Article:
The following is a transcribed excerpt of "FOX News Sunday" for November 14, 2004.

CHRIS WALLACE, FOX NEWS: Senate Republicans are gearing up for the new Congress, hopeful that their four-seat gain in the election will help push President Bush's second-term agenda.

Joining us now in a Sunday exclusive is the Senate majority leader, Bill Frist.

And, Senator, welcome. Good to have you with us.

U.S. SENATOR BILL FRIST, R-TN: Chris, good to be with you this morning.

WALLACE: Do you support making Pennsylvania Senator Arlen Specter the new chairman of the Senate Judiciary Committee?

FRIST: Chris, it's an issue that we'll begin to face really this week and we won't make final decisions on until early January.

First of all, as you know, the Senate is a remarkable institution and it has a system and a program and a plan by which you choose the chairman of various committees like the Judiciary Committee.

The way it works, real quickly, is that you choose the committee. The committee itself has not yet been chosen for the next Congress. They select the chairman. That chairman is taken to the entire conference, 55 Republicans, and they make an ultimate decision on that.

The whole process will begin this week.

Secondly, I think it's important to understand general feelings and what I'm hearing. Arlen made some statements the day after the election. They were disheartening to me. They were disheartening to a lot of different people. He made those not as chairman of the Judiciary Committee but he made those as an individual senator, and he has the right to make that.

Over the last week, he has taken the opportunity to explain to a lot of people what he meant and what he would do. He's not yet talked to individual senators one on one.

What he will do over the course of this week is meet with Senate leadership. He'll then meet with members of the existing Judiciary Committee to explain both what he meant and what he would do as chairman. And then ultimately the members of that committee will choose whether or not he serves as their chairman.

WALLACE: The senator, for people who may have missed this and have real lives, got in trouble for saying after the election that he thought that any judicial nominees who opposed abortion rights would have trouble getting approved by the Senate.

But since then, as you well know, he has said that he would promise as chairman to have prompt hearings for all judicial nominees and that all appellate nominees, he promises, would get to the Senate floor for a vote.

Is that enough, or is there something more you personally, as one senator with one vote, needs to hear from him?

FRIST: Well, Chris, what I want to hear — and I've talked to Arlen, and, again, he will talk face to face with the Senate leadership and members of the Judiciary Committee this week.

What I expect is for a chairman to understand that they are no longer responsible just to themselves or just to their constituents back at home but, as chairman of the committee, they're responsible to the feelings, the wishes, the beliefs, the values, the procedures that are held by the majority of that committee. That is, in this case, the Republican caucus on that committee, the Republican committee members.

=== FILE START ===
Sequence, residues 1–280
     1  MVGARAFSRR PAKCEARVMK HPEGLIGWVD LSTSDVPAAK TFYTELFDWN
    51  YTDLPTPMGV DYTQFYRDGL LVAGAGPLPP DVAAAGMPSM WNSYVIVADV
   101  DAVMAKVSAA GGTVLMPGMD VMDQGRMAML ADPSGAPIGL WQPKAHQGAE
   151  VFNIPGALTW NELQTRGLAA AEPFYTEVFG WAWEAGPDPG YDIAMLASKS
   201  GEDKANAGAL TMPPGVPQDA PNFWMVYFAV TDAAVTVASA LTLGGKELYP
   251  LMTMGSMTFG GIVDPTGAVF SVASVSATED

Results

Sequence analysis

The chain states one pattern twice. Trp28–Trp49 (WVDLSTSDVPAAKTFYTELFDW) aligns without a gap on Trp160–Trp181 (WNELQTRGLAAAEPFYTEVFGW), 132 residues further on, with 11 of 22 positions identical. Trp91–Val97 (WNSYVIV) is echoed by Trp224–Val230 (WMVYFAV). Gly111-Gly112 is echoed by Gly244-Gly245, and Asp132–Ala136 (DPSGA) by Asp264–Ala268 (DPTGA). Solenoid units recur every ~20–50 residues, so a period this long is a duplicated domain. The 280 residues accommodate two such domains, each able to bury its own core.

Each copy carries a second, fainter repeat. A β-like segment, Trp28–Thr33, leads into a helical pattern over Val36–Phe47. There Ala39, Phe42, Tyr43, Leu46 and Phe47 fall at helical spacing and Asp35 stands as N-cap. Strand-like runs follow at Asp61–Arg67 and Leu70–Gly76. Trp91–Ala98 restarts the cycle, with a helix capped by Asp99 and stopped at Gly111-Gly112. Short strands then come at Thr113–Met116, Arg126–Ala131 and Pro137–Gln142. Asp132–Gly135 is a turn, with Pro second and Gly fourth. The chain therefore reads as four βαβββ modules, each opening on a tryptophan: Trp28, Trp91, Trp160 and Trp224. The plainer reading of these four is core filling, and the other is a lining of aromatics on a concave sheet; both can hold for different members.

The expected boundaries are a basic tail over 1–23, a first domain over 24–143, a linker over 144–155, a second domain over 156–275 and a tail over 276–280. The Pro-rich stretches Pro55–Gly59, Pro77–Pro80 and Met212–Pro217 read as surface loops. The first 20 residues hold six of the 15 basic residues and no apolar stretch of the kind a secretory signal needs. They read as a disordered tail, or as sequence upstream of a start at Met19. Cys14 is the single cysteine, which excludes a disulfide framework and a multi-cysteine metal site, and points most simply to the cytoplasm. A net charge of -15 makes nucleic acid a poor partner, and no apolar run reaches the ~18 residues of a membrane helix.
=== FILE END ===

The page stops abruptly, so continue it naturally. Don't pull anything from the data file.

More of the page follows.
Secondly, he has a clear obligation as a chairman to take what the president nominates, consult with the president, take that nomination, get that nomination through committee in an expeditious way, a fair way, a way that gives thoughtful consideration but doesn't spend too much time, gets that nomination to the floor of the United States Senate.

And very importantly, because in the last Congress, you know, it didn't happen for a whole set of other reasons that have got to change, that every one of these appellate nominees have an up-or-down vote. Our job is to give advice and consent. And in the past we've been denied that opportunity, that responsibility, that constitutional obligation. The chairman must make absolutely sure that we get that up-or-down vote in a timely fashion.

WALLACE: But wait a minute, let me just stop you right there.

FRIST: Let me go one step further, because it really answer your question.

I would expect Chairman Specter to go one step further — if it's Chairman Specter, whoever that chairman is — and that is to have a strong predisposition to supporting that nominee sent over by President Bush, a Republican president, to a Republican Judiciary Committee, with adequate debate and discussion, but take that candidate all the way to the floor and to have a strong predisposition of supporting that candidate, including on the floor of the United States Senate.

WALLACE: There's a lot there. Several things.

First of all, how does the Senate Judiciary Committee chairman ensure — because we're talking and I was going to get into that with you in a minute, the filibuster — how does he ensure that there's an up-or-down vote?

FRIST: Well, he just has to do everything within his power. You're exactly right.

In fact, we had Orrin Hatch, chairman of the Judiciary Committee, and he did everything within his power. Unfortunately, we had an almost — I would call it a tyranny of the minority in the last Congress, where we had not just one judicial nominee at the appellate level or two or three or five or seven, but we had 10 of the nominees — almost one out of every three of the circuit court nominees from the president of the United States was stopped by a minority, all of whom had majority support in the United States Senate. Totally unacceptable.